Peak Oil and the Local Church

At last weekend’s Inhabit Conference in Seattle, I had the opportunity to co-facilitate (with Brandon Rhodes) a conversation on “peak oil and place.” It was a lively and fascinating discussion. Near the end I asked a question that I also want to pose here.

Cheap fossil fuel energy has underwritten modernity and more than a century of America’s rapid economic growth. But the world’s oil resources are going into irreversible decline, and gas prices are through the roof. For this reason and others (climate change, high food prices, high debt levels), we seem to have reached “the end of growth,” in Richard Heinberg’s memorable phrase. Thus, “growth” can no longer be the practical standard by which we make decisions and judge the health of our economy and society. We need a new standard.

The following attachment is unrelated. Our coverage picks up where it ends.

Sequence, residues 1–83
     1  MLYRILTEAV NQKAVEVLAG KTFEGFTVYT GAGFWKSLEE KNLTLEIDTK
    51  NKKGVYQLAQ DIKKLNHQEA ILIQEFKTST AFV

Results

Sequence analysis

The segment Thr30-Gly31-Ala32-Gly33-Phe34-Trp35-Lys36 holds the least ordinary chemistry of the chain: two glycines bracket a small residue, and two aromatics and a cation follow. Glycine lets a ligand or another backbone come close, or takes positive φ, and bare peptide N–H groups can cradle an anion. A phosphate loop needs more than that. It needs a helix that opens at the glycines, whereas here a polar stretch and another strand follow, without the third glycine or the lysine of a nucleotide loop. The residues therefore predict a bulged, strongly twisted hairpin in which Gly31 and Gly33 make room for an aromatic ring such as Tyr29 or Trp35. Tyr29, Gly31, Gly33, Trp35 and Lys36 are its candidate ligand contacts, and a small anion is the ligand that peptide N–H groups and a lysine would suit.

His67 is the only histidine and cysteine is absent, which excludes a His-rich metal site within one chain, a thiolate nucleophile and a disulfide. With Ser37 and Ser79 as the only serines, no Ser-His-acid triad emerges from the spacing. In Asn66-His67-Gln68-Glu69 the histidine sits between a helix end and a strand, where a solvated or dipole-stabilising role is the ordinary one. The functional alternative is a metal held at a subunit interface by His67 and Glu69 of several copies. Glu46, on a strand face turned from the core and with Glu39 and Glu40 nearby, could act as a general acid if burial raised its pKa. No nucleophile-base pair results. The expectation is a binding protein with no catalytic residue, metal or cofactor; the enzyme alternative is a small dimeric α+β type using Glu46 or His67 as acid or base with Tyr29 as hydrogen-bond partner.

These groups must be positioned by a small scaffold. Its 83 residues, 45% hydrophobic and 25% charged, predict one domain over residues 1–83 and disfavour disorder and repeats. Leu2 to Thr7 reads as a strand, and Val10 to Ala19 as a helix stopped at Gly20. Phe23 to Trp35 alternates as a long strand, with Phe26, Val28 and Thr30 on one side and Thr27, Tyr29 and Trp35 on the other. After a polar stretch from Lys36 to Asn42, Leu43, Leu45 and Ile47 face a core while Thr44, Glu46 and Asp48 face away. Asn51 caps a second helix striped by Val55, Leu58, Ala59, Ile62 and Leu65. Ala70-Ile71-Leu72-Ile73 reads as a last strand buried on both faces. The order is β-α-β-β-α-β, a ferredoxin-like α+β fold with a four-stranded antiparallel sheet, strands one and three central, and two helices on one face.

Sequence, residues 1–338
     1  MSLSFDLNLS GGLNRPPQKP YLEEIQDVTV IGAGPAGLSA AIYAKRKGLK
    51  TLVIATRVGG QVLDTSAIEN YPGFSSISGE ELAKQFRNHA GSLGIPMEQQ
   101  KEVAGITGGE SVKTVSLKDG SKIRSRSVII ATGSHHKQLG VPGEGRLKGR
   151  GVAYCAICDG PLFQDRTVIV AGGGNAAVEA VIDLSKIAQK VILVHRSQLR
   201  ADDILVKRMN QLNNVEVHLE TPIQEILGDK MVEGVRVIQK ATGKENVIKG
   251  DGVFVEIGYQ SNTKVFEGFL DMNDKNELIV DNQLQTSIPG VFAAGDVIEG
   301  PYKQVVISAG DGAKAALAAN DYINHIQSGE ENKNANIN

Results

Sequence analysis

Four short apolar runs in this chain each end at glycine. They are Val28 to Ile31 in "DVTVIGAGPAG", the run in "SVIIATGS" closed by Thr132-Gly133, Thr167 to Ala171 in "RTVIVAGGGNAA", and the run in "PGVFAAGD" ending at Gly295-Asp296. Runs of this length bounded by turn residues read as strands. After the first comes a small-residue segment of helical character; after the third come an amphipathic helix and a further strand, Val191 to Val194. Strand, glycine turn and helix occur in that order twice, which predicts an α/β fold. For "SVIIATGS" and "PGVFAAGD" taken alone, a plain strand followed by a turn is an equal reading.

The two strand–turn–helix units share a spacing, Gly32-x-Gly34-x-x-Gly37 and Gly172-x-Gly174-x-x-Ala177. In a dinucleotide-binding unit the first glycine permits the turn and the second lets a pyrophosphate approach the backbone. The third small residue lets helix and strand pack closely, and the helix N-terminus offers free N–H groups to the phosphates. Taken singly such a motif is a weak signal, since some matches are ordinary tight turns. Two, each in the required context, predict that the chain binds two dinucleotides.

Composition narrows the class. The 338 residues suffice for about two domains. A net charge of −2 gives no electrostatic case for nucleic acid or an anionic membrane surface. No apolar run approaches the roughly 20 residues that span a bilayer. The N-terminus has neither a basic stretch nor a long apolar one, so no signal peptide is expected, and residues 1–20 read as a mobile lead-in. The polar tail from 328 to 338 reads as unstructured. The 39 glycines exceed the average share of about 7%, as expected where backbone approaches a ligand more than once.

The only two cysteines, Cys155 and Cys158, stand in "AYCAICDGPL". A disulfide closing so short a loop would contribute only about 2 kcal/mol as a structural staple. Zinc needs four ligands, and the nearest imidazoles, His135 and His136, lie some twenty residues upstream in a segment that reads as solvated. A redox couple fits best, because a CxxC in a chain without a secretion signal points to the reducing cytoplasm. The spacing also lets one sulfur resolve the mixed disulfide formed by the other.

In the same way, cheap oil has underwritten the growth of certain types of churches. It has given people the mobility they need to commute long distances to church, given them the freedom to switch churches on a whim, and allowed church leaders to build ever-larger campuses on the outskirts of town. Peak oil is going to change this. Dynamic growth and dramatic size can no longer be the standards by which we make decisions and judge the health of a church community. We need a new standard.

Which brings me to my question: What should the standard be?

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